The first audio-visual recording of this essential opera, conducted by the composer. The only version to star Peter Pears, who originated the title role. Directed by Joan Cross, who originated the role of Ellen Orford.
This 1969 BBC production is about as close as we can get to a definitive version of Benjamin Brittens Peter Grimes
, one of the greatest 20th Century operas. The story of the individualistic fisherman hounded by his neighbors who believe he murdered his young apprentice packs tremendous emotional power. The compelling narrative is richly enhanced by its subtexts: the lone outsider versus the conformist mob; the dreamer of improbable dreams that lead to tragedy; the artist (dreamer) versus the Philistines, and the homosexual overtones of Grimes abuse of his child apprentices. Britten is conductor of his work and tenor Peter Pears is Grimes, 25 years after he created the title role at the operas premiere. Britten was a great conductor as his recordings of his own and others music attests, and here he outdoes himself with a performance that captures both the brooding darkness of the work and its visceral power. Pears at first seems a bit old for the part and his throaty voice no match for the overwhelming Grimes of Jon Vickers in a later Covent Garden production with Colin Davis conducting. But if Pears hasnt the protean force of Vickers, he was there at the creation of the part, knows its every nuance and shading, and is totally convincing as an actor as well--proud, aloof, yet vulnerable. As the widow Ellen Orford, soprano Heather Harper is magnificent. Singing with tonal beauty and acting the role of the sensitive, morally sturdy woman who loves Grimes when all hate him, she is so convincing that when the out-of-control Grimes slaps her, you feel assaulted yourself. The supporting cast is excellent too, headed by baritone Bryon Drake as the dignified, sensible Balstrode, the retired sea captain. David Myerscough-Jones production design, on a cramped, makeshift stage at Brittens Snape Maltings concert hall, with the London Symphony on an off-camera rear platform, works better than it should. The staging is by Joan Cross, who sang Ellen in the operas premiere. Movements of the chorus and soloists are economical but realistic, the settings appropriate, the costumes wisely helping to set the action in the early 19th century. Best of all, the sea is an ever-present actor here. When we dont see it in the background it exerts its presence in the abundant visual references to nets, barrels, and other paraphernalia of a seaside fishing village. The wonderful Interludes Britten composed for the opera are illustrated with abstract images of shifting colors that mimic the movements of sea and clouds, as well as the orchestral colors being played--thus yellows dominate when the trumpets do, darker colors when the lower strings are in the ascendant. Brian Larges direction for TV is first-rate, with closeups that enhance the intimacy of the work. The end result is an unforgettable version of a work that leaves you emotionally drained and musically elevated. --Dan Davis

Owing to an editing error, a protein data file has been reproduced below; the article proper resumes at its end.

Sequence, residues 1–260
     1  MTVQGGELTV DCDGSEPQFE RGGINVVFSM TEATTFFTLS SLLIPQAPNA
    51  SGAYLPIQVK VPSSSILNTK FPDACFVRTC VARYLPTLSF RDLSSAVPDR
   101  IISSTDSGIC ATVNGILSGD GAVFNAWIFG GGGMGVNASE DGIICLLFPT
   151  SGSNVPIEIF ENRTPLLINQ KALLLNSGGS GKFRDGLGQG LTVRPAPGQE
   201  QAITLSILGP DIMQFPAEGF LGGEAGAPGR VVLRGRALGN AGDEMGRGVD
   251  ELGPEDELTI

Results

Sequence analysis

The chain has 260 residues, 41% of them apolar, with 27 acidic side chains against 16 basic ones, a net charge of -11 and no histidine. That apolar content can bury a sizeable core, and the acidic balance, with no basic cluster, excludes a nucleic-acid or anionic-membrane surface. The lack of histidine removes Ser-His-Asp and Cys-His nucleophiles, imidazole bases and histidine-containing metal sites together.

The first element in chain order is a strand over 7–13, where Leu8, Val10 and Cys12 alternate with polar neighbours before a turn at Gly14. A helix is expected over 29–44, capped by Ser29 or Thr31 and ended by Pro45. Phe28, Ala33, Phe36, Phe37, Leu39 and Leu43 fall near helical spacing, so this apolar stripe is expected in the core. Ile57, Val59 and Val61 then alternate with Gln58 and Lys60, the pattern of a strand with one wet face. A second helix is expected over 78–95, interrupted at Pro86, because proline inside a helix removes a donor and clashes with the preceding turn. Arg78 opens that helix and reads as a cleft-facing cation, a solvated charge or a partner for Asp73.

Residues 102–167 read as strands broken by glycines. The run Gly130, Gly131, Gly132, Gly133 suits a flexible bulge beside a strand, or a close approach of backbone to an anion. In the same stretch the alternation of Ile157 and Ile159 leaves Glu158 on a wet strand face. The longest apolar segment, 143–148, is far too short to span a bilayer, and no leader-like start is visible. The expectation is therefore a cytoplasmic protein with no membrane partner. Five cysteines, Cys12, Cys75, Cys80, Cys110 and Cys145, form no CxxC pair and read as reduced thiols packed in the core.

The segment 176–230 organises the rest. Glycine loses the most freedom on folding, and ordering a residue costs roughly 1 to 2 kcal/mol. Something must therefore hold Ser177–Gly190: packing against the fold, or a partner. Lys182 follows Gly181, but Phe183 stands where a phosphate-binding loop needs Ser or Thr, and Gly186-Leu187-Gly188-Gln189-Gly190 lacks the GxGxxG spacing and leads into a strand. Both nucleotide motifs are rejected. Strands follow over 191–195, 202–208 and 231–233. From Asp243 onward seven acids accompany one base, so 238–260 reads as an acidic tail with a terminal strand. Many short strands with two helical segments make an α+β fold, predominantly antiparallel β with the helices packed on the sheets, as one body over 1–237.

Peter Grimes is an all-regions color disc in 4:3 ratio. Sound options include LPCM monophonic and Enhanced Dolby mono. Sung in English, subtitles are available in English French, German and Spanish.